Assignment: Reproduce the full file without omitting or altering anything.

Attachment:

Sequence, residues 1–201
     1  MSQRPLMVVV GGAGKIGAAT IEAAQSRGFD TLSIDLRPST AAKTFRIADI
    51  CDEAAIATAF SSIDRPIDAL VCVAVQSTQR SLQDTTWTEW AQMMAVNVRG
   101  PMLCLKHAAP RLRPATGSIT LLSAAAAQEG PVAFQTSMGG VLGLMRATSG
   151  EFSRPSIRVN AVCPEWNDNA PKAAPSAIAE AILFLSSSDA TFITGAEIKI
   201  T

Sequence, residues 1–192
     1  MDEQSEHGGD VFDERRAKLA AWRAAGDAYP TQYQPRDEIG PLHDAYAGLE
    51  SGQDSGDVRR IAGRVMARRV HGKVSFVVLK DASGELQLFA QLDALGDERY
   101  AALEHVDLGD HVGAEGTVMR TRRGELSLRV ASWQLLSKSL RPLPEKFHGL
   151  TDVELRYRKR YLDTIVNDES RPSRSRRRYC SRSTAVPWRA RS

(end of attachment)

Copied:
Sequence, residues 1–201
     1  MSQRPLMVVV GGAGKIGAAT IEAAQSRGFD TLSIDLRPST AAKTFRIADI
    51  CDEAAIATAF SSIDRPIDAL VCVAVQSTQR SLQDTTWTEW AQMMAVNVRG
   101  PMLCLKHAAP RLRPATGSIT LLSAAAAQEG PVAFQTSMGG VLGLMRATSG
   151  EFSRPSIRVN AVCPEWNDNA PKAAPSAIAE AILFLSSSDA TFITGAEIKI
   201  T

Sequence, residues 1–192
     1  MDEQSEHGGD VFDERRAKLA AWRAAGDAYP TQYQPRDEIG PLHDAYAGLE
    51  SGQDSGDVRR IAGRVMARRV HGKVSFVVLK DASGELQLFA QLDALGDERY
   101  AALEHVDLGD HVGAEGTVMR TRRGELSLRV ASWQLLSKSL RPLPEKFHGL
   151  TDVELRYRKR YLDTIVNDES RPSRSRRRYC SRSTAVPWRA RS